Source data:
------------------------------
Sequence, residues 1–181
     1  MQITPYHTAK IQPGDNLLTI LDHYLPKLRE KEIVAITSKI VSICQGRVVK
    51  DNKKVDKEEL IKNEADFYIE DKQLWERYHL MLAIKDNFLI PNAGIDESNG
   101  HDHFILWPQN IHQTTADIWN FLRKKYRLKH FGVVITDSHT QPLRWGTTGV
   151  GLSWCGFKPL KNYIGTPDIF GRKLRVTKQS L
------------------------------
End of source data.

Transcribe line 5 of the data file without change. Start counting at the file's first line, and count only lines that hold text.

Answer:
   151  GLSWCGFKPL KNYIGTPDIF GRKLRVTKQS L